Freedom of Choice
BY: T. Franklin Murphy | August 2018 (edited February 22, 2022)
Our futures are not set in stone. We can adjust the outcome, work through current consequences from the past and set our lives on a better trajectory.
We have a choice. Our futures are not determined. Tomorrow is a new day (not free from the past), but an opportunity to redirect our direction and experience a brighter future. A few better choices don’t magically erase a mischievous past—consequences will not be cheated. We must face the reckoning from misdeeds done. The past will impact the present. We gain wisdom from the trials; but only when open to the lessons taught. But futures are not set; we can intervene, changing the narrow trajectories from exacting punishments to bounteous blessings.
If your current trajectory is not palatable, you should examine your current circumstances, exposing destructive adaptations, and pesky feelings pushing for harmful reactions. Once identified, we can mindfully address issues, while simultaneously working through the difficult lingering consequences. This is difficult. The person plotting a course of change must draw sufficient resources to maintain true to their goal while forming a more desirable life.
Neglected lives may require retying the frayed bonds of trust at home, at work, and with institutions. A momentary desire to repair a shattered life doesn’t immediately heal relationships that we trampled. Trust often requires years, not months, to re-establish. A hurt spouse may continue to scrutinize behaviors, fearing another devastating betrayal long after confessions, sorrow and beginnings of change.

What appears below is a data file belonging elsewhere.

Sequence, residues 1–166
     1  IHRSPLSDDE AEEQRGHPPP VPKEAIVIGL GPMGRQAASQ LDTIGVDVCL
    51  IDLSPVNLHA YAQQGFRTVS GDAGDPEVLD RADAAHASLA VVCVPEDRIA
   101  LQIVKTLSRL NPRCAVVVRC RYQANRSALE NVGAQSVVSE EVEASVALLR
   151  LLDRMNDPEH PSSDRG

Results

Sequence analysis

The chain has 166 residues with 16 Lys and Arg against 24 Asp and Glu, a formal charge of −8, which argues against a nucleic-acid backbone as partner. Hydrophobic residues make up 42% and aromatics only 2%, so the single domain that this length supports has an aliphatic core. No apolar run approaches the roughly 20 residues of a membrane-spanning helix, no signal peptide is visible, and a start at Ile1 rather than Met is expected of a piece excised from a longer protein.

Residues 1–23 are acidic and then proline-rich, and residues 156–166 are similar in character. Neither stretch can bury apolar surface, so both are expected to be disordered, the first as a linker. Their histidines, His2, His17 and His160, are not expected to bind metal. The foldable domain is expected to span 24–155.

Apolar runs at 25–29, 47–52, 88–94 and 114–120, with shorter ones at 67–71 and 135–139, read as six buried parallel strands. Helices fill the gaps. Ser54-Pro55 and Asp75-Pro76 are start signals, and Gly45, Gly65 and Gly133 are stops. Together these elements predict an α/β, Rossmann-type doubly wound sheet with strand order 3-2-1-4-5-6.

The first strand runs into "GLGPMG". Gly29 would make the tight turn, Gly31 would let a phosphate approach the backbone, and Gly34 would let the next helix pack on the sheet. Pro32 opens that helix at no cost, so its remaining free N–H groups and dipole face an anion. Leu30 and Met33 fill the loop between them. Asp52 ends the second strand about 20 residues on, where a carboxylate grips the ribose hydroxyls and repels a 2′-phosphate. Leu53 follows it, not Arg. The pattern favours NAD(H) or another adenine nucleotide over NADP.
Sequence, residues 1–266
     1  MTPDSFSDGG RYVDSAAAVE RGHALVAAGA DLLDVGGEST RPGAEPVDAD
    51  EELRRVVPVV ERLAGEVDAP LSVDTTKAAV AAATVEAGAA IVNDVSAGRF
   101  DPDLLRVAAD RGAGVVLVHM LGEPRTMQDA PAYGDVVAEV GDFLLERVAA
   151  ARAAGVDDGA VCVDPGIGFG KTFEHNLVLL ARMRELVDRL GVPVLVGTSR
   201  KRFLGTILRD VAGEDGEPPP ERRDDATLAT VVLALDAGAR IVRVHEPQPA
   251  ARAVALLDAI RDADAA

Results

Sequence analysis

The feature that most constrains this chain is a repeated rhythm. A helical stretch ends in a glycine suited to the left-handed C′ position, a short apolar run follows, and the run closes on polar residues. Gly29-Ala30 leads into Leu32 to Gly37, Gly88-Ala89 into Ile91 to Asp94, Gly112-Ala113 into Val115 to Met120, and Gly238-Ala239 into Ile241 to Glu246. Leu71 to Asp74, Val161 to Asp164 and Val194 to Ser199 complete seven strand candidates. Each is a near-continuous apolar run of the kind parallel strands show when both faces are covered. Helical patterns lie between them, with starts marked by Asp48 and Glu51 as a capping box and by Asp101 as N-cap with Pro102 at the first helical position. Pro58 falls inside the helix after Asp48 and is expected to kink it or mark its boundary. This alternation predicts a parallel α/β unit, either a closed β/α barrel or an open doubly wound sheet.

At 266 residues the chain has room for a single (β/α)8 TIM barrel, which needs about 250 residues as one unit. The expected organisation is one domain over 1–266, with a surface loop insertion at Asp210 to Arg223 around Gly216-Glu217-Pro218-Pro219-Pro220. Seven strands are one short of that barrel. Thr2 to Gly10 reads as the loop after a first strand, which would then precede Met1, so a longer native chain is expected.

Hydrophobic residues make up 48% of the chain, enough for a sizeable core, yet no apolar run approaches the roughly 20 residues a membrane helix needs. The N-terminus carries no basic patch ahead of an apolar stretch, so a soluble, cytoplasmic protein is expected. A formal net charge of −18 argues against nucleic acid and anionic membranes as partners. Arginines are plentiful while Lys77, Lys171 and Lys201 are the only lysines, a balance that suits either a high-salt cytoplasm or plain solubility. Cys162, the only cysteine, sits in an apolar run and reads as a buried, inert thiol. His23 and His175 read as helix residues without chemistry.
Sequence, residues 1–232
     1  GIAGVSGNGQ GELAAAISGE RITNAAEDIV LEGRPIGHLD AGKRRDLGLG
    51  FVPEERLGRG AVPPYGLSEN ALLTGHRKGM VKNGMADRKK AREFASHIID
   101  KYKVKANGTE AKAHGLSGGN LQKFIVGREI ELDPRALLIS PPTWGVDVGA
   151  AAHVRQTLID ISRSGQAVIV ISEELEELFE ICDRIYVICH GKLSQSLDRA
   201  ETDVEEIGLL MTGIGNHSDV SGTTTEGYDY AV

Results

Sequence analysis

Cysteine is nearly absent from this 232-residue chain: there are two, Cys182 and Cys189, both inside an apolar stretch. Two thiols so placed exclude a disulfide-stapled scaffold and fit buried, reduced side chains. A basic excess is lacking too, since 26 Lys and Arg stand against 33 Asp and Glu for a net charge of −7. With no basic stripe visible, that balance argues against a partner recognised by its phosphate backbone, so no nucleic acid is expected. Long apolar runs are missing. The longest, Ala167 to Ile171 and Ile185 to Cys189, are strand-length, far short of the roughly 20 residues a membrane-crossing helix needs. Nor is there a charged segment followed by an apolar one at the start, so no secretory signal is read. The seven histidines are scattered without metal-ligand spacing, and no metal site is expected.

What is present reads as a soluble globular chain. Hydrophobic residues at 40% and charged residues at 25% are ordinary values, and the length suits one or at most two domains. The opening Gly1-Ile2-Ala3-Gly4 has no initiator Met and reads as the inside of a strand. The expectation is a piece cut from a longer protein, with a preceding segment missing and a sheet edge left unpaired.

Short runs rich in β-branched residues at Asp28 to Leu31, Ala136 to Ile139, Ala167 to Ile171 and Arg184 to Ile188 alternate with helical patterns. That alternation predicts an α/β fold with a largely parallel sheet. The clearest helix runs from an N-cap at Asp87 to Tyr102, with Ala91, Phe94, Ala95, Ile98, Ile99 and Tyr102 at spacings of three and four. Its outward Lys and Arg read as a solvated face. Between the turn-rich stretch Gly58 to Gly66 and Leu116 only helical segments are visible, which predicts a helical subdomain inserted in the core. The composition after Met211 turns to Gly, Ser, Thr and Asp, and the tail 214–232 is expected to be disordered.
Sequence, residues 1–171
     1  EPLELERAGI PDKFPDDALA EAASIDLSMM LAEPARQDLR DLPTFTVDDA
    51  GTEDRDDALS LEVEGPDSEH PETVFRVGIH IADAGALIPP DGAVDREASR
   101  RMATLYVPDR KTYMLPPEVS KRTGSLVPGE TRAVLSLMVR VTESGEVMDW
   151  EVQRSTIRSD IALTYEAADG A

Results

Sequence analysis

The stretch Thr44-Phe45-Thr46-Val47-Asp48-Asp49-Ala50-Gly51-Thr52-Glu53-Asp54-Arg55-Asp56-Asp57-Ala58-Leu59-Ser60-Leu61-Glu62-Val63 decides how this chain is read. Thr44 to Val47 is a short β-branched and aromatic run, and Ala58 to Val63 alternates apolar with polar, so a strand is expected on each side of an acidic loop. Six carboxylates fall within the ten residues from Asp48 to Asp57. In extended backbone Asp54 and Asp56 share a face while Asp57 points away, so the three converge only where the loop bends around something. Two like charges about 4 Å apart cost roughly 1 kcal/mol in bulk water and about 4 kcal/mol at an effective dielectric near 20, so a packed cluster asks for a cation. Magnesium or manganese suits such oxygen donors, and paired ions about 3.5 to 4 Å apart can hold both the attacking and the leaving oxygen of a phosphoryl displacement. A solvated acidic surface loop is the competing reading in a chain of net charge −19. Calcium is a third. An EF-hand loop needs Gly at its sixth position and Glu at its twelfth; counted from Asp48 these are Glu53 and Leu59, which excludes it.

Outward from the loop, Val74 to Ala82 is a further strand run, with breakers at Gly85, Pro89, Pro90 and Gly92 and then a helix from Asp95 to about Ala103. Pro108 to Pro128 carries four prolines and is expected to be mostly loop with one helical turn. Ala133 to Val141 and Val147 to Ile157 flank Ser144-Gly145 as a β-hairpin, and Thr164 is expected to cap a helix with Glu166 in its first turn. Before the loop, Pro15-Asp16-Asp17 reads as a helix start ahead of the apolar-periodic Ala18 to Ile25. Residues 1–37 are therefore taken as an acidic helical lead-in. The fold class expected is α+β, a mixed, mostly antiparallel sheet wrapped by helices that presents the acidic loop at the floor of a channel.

"You can break through old limits, past inertia and fear, to... richness of choice, freedom, human closeness."
Many relationships fail to recover; the conscientious repentance, followed with loyalty may not receive the blessing of trust, our work is then complicated acting right but not receiving the blessing. This is the pain of a lingering past. Hurtful actions sting and naturally create new barriers.
The best predictor of the future is the past. To change we must draw sufficient strength to remain committed, not allowing the difficult course to erode determination. We must continue, if we want change. Bankruptcy stays on your record for seven-years; infidelity—maybe longer.
When we break trust, going back on our word, we don’t shouldn't adapt to other’s hesitancy by making new promises, marked with stronger assurances. "This time" we emphatically argue, "will be different." The promiser believes they will keep the new promise. This why they are so convincing. Yet, most these promises are made in deals where they receive their reward first and promise to uphold their end of the bargain later.
These words lay hollow. But stronger promises upfront is often the first inclination to past breaches. Trying to repair broken trust with stronger promises; unfortunately “this time,” will most likely not be different. If the heart hasn’t changed, the importance of the promise will lose its power, once the benefit is received.
Rebuilding the Relationship Through Keeping Promises with No Upfront Demands
Relationships must be rebuilt with kindness, giving with out an expectation of return or an upfront cost. Trueness to our words slowly creates the character, shedding the old self we tarnished.
"If you can't do the little things right, you will never do the big things right."
Doing right doesn’t magically erase the past but as new behaviors accumulate, we create brighter futures. New opportunities present themselves. We can burn the new bridges too if we failed to learn from the damaging choices of the past. We must accept the past, for it is done, and love the present because it is here and patiently work towards a future of richness and joy.
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